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Copyright © 2010, 2007, 2004 Pearson Education, Inc. All Rights Reserved. 10.1 - 1 Lecture Slides Elementary Statistics Eleventh Edition and the Triola.

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Presentation on theme: "Copyright © 2010, 2007, 2004 Pearson Education, Inc. All Rights Reserved. 10.1 - 1 Lecture Slides Elementary Statistics Eleventh Edition and the Triola."— Presentation transcript:

1 Copyright © 2010, 2007, 2004 Pearson Education, Inc. All Rights Reserved Lecture Slides Elementary Statistics Eleventh Edition and the Triola Statistics Series by Mario F. Triola

2 Copyright © 2010, 2007, 2004 Pearson Education, Inc. All Rights Reserved Chapter 10 Correlation and Regression 10-1 Review and Preview 10-2 Correlation 10-3 Regression 10-4 Variation and Prediction Intervals 10-5 Multiple Regression 10-6 Modeling

3 Copyright © 2010, 2007, 2004 Pearson Education, Inc. All Rights Reserved Section 10-1 Review and Preview

4 Copyright © 2010, 2007, 2004 Pearson Education, Inc. All Rights Reserved Review In Chapter 9 we presented methods for making inferences from two samples. In Section 9-4 we considered two dependent samples, with each value of one sample somehow paired with a value from the other sample. In Section 9-4 we considered the differences between the paired values, and we illustrated the use of hypothesis tests for claims about the population of differences. We also illustrated the construction of confidence interval estimates of the mean of all such differences. In this chapter we again consider paired sample data, but the objective is fundamentally different from that of Section 9-4.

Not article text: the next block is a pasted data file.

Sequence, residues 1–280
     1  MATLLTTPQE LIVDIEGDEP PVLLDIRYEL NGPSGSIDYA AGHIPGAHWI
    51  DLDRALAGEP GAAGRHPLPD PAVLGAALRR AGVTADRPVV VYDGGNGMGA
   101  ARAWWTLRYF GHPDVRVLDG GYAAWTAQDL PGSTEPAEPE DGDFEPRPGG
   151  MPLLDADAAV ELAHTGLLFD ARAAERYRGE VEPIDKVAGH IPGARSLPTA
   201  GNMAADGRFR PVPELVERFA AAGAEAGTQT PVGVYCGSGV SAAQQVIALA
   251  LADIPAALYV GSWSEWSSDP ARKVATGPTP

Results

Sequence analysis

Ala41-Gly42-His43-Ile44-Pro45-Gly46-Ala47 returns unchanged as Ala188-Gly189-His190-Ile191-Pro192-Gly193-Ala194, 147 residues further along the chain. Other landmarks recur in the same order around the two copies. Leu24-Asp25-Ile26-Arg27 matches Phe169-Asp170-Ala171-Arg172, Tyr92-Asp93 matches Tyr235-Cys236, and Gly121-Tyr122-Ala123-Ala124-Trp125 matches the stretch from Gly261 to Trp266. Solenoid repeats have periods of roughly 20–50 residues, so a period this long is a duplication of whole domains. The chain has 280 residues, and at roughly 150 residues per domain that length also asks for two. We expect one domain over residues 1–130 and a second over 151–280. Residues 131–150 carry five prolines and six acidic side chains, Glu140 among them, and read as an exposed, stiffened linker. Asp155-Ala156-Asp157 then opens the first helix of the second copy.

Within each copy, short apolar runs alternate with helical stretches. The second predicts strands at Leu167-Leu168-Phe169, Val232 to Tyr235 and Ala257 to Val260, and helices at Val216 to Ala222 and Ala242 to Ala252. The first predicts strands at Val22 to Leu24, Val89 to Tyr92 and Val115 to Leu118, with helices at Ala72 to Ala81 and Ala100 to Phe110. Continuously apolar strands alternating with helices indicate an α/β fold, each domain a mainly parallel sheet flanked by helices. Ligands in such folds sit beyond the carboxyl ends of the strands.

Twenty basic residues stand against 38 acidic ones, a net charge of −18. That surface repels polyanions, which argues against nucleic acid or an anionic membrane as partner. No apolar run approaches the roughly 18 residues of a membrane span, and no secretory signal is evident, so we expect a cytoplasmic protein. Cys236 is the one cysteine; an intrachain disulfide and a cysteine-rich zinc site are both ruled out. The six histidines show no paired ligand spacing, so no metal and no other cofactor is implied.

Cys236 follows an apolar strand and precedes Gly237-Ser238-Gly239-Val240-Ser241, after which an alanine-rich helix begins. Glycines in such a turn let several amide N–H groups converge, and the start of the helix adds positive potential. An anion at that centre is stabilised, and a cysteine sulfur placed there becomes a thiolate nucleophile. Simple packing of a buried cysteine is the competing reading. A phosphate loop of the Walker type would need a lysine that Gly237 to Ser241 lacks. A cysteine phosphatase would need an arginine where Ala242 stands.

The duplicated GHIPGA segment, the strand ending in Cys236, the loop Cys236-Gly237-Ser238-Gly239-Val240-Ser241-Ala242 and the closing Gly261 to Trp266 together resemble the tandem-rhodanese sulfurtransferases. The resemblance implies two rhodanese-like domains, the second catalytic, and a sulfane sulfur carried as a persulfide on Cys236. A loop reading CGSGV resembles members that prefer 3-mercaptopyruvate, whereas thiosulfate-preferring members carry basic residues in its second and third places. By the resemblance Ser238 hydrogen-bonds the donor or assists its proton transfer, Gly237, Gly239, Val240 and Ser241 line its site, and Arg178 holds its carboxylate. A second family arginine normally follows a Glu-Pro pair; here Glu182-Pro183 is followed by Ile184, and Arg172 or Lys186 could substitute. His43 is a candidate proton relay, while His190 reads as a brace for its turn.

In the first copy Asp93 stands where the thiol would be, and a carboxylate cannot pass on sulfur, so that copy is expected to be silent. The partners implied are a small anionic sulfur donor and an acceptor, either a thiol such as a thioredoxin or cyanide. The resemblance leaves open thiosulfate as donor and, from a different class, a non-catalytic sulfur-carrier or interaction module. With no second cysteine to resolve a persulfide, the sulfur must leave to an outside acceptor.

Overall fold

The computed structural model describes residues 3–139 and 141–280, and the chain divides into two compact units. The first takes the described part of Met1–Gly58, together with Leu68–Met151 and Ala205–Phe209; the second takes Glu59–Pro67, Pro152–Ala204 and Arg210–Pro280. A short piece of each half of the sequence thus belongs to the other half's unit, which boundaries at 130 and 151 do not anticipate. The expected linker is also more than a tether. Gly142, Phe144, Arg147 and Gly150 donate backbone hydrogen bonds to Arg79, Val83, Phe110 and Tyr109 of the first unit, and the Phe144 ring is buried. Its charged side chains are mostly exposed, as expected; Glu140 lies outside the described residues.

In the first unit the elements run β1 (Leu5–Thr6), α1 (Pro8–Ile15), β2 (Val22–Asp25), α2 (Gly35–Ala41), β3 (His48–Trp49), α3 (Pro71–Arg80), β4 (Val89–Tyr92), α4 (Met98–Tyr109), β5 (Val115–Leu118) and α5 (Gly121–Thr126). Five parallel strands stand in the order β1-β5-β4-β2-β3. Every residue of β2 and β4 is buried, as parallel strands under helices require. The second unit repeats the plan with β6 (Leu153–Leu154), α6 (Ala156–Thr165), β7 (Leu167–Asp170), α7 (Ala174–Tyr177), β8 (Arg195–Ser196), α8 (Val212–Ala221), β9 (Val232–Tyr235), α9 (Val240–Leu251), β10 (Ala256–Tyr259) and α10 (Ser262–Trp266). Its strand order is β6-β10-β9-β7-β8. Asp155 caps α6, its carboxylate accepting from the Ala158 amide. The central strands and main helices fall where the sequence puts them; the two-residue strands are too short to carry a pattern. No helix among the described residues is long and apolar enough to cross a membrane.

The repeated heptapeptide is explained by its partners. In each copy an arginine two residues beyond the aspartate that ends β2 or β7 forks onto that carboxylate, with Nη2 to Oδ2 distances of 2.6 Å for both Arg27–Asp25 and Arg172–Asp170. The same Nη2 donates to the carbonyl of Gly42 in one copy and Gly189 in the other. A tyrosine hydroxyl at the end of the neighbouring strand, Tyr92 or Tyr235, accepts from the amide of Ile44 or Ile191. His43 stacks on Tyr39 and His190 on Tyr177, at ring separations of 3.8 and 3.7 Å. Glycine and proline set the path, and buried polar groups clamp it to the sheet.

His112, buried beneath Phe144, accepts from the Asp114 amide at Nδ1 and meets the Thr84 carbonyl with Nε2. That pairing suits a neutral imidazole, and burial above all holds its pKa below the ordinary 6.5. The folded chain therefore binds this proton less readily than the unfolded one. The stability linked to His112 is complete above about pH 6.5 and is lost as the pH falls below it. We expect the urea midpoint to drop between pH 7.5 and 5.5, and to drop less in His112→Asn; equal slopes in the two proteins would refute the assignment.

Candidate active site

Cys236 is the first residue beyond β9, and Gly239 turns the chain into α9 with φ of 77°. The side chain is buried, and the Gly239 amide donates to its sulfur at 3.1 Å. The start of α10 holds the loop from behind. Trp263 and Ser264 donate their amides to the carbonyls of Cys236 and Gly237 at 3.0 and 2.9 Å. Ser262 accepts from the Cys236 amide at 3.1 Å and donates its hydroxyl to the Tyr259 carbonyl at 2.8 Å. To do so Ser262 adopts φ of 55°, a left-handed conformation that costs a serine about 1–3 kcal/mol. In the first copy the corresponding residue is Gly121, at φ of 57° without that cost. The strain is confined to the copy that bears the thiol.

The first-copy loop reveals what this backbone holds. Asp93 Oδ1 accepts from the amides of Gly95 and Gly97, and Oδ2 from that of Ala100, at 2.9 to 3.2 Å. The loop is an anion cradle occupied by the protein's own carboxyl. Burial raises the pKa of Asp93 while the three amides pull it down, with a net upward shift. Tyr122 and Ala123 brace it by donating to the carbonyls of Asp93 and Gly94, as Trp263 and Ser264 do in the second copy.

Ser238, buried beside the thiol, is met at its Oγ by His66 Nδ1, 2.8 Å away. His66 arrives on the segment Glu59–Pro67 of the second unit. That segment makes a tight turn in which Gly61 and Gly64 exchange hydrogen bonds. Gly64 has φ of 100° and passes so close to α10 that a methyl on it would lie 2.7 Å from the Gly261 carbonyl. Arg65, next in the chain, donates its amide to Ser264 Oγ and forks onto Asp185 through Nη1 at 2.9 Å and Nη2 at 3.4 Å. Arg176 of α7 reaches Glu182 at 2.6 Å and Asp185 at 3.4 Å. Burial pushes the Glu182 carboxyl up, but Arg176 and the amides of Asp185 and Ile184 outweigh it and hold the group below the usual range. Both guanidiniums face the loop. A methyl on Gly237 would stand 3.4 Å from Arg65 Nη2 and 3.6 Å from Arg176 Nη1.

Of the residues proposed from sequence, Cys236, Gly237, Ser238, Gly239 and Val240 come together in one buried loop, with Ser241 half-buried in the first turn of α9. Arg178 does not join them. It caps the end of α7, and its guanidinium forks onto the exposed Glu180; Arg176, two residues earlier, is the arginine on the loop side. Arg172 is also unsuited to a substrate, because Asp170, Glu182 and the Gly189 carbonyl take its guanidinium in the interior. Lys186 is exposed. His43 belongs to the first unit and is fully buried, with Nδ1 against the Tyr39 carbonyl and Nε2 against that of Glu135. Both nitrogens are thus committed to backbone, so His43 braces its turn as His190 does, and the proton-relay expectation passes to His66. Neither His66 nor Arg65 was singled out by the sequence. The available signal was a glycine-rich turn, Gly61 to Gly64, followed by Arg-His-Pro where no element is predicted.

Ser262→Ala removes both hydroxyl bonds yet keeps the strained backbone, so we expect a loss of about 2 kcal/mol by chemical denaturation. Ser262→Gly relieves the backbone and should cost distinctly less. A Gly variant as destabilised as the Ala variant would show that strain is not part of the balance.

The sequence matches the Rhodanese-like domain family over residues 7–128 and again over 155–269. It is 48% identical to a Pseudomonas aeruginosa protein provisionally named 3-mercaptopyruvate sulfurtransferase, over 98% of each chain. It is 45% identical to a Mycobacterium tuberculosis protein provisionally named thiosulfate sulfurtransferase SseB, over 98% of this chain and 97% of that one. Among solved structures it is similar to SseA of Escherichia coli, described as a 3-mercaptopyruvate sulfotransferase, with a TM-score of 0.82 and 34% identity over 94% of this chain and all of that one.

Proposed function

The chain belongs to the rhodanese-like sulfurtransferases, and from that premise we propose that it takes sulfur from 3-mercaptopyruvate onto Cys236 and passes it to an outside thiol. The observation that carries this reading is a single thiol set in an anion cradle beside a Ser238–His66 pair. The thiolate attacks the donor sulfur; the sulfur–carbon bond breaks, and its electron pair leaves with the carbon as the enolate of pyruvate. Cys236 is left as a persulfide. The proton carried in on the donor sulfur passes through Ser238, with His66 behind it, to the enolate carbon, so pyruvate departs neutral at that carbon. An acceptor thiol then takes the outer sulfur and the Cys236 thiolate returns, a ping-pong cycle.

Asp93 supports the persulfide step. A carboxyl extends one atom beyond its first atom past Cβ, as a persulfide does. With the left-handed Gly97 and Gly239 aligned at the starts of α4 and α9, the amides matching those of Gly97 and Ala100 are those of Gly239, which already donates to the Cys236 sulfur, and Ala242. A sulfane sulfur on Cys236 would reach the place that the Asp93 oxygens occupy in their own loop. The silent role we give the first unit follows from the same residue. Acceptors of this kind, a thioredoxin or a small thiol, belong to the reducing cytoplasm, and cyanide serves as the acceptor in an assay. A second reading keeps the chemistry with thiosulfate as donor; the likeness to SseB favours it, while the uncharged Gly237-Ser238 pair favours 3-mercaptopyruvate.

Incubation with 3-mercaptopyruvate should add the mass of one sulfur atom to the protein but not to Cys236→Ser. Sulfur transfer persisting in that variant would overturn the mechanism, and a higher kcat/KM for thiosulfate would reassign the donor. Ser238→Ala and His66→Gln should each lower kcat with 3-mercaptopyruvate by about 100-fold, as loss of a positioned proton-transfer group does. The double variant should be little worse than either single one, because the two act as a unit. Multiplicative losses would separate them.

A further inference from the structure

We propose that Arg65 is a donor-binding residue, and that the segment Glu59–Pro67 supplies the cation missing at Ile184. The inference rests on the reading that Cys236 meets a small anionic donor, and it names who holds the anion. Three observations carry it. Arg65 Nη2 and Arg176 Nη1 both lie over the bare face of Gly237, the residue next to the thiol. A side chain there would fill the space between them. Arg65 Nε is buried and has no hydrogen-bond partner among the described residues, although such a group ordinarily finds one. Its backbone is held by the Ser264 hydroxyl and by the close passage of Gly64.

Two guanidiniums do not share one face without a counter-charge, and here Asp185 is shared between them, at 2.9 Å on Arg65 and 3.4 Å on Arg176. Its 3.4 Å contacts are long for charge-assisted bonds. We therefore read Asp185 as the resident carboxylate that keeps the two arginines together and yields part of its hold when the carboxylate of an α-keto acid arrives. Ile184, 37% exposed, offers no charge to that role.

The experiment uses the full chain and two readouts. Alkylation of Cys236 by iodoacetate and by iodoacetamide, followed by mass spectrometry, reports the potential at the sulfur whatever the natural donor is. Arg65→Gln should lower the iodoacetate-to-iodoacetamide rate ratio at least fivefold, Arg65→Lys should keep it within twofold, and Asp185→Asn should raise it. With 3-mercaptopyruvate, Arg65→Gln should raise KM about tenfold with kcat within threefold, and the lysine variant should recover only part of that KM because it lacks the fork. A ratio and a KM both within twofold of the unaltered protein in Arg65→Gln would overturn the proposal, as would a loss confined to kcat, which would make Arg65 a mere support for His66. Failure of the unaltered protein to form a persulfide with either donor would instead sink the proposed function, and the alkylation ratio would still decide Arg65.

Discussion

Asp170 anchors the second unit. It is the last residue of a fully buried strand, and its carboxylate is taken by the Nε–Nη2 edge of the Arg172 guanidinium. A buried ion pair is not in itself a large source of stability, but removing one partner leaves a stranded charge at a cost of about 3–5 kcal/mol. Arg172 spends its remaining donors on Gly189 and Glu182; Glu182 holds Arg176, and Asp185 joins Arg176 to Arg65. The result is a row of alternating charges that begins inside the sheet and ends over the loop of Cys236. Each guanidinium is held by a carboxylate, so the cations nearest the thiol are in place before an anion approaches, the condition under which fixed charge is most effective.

5 Copyright © 2010, 2007, 2004 Pearson Education, Inc. All Rights Reserved Preview In this chapter we introduce methods for determining whether a correlation, or association, between two variables exists and whether the correlation is linear. For linear correlations, we can identify an equation that best fits the data and we can use that equation to predict the value of one variable given the value of the other variable. In this chapter, we also present methods for analyzing differences between predicted values and actual values.

6 Copyright © 2010, 2007, 2004 Pearson Education, Inc. All Rights Reserved Preview In addition, we consider methods for identifying linear equations for correlations among three or more variables. We conclude the chapter with some basic methods for developing a mathematical model that can be used to describe nonlinear correlations between two variables.